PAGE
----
What is faecal microbiota transplantation?
Faecal microbiota transplantation (FMT) is a treatment used for Clostridium difficile infection that is either recurring or is not responsive to standard treatments. FMT involves transfer of healthy bacteria in a mixture of prepared processed stool from a healthy donor to the intestine of the patient. The aim is to restore a healthy balance of bacteria in the gut. The donors have been screened in advance to ensure the stool provided is healthy and tested for a wide array of viral, bacterial and parasitic infections. This also includes screening for Covid19.
Why have FMT?
Clostridium difficile infection can recur after initial successful treatment (1 in 5 times) and in those with recurring Clostridium difficile infection the chance of further episodes is even greater (up to 1 in 2 times). Some patients with Clostridium difficile infection do not respond to standard treatments with different types of antibiotics. For people with recurring Clostridium difficile and those not responding to standard treatments faecal transplantation has been shown to be effective in curing the infection and with low rates of subsequent recurrent infection. Some patients may require two treatments with faecal transplantation to achieve cure.
What does FMT involve?
FMT can be performed in one of two ways. For most cases the stool mixture is infused via a tube inserted into the stomach via the nose. In rare cases the stool mixture is inserted into the large bowel via Colonoscopy. The choice of procedure will be decided between your Consultant and yourself. For further information regarding the latter procedure please find the accompanying leaflets on ‘Having a Colonoscopy’. This is performed in an inpatient setting, and can take up to three hours.
Before both procedures you will have been asked to take an antibiotic for at least four days prior to the procedure. This should be stopped the evening before the procedure. You will have an antiacid medication prior to the treatment and if you are having a colonoscopy you may require bowel preparation. Full details will be given to you by your Doctor. You should have had the chance to discuss any medications you are taking with one of our Nurses or Doctors prior to the procedure.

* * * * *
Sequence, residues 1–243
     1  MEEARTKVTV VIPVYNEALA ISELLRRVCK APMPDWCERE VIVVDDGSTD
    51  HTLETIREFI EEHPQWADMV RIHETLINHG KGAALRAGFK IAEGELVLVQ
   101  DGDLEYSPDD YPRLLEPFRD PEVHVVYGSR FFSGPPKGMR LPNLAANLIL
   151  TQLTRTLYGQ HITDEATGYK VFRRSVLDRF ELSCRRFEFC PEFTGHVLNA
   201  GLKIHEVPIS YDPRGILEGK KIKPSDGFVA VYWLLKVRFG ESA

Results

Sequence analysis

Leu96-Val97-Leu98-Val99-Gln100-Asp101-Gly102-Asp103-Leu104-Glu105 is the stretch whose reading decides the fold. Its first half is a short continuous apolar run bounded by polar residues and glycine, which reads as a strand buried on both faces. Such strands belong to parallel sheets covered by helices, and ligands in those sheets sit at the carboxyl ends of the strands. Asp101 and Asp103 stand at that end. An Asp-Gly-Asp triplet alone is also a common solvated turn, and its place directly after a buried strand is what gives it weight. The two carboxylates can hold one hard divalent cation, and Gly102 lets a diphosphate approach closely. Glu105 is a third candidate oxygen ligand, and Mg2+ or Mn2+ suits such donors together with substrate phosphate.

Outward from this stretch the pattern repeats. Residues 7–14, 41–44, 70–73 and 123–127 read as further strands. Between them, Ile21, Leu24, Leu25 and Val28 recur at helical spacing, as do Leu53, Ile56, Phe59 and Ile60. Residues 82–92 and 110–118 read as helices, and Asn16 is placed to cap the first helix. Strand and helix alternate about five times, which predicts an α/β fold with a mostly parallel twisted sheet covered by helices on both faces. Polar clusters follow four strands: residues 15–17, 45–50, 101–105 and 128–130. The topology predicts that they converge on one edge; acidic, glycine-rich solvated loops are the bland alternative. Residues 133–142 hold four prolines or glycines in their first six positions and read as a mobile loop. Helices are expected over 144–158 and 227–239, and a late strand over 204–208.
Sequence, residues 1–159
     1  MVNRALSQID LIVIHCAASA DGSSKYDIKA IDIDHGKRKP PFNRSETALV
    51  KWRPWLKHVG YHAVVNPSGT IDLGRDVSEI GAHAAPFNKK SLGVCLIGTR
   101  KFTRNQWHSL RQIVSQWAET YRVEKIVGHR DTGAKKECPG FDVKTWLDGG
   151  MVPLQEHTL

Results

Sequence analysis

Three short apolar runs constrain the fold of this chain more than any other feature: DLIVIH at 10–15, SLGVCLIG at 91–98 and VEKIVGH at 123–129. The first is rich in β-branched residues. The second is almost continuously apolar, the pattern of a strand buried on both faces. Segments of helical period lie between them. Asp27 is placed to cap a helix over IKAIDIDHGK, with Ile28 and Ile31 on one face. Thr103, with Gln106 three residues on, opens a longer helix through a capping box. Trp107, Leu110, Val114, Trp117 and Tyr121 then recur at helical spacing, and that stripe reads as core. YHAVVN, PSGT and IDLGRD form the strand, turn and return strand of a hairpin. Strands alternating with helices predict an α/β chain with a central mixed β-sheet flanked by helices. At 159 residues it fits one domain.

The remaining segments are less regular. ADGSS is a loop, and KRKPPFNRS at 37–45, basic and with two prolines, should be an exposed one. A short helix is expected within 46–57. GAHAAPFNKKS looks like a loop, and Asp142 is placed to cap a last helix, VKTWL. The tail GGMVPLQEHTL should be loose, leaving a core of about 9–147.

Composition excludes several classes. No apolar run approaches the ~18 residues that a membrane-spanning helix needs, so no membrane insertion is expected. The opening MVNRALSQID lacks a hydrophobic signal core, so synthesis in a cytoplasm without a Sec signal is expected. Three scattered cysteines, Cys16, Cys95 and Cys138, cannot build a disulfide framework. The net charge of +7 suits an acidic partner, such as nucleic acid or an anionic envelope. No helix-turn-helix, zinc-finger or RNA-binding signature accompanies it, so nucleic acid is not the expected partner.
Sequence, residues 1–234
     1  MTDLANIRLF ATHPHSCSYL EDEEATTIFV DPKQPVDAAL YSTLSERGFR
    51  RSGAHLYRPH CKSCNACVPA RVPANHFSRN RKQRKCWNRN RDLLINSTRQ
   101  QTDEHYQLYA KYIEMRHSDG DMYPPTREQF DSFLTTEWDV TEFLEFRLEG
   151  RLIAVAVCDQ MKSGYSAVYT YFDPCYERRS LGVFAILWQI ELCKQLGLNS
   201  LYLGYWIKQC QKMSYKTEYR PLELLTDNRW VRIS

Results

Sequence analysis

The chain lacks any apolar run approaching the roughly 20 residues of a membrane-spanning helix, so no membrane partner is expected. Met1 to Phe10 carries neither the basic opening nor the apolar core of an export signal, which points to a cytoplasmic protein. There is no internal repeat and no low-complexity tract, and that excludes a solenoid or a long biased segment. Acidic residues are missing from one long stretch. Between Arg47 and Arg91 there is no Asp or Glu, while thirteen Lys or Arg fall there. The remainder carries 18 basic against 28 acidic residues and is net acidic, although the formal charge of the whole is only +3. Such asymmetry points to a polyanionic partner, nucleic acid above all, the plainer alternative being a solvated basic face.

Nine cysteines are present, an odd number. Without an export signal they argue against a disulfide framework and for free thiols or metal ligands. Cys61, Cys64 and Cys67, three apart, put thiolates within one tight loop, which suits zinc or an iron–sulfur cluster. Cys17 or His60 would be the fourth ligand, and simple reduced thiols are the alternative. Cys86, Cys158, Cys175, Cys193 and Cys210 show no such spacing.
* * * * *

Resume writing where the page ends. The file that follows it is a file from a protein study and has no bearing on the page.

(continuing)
We want to involve you in decisions about your care and treatment. If you want to go ahead, you will be asked to sign a consent form. This states that you have agreed to have the treatment and understand what it involves and the associated risks of the procedure.
To date there are no cases of transmission of significant infection through FMT and it is considered a safe procedure.
Some patients may experience minor side effects including fever, bloating, nausea vomiting and constipation. These normally only last for one or two days. Please see the accompanying leaflets regarding the risks of the endoscopy procedure itself if having a colonoscopy.
Your Doctors will have already tried different types or longer courses of antibiotics. This treatment is only available to patients where these standard therapies have been tried and have been unsuccessful.
Follow Up / Results
You will be offered a follow up appointment to assess whether or not the treatment has been successful, and you may be asked to provide further stool samples. You will also be asked for information at Day 7 and Day 90 post FMT. Details will be given to you on the day of your procedure.
Contacts / Further information
Kim Lewis- Gastroenterology Medical Secretary 01223 348718
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Smoking is not allowed anywhere on the hospital campus. For advice and support in quitting, contact your GP or the free NHS stop smoking helpline on 0800 169 0 169.
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Cambridge University Hospitals
NHS Foundation Trust
Hills Road, Cambridge
Telephone +44 (0)1223 245151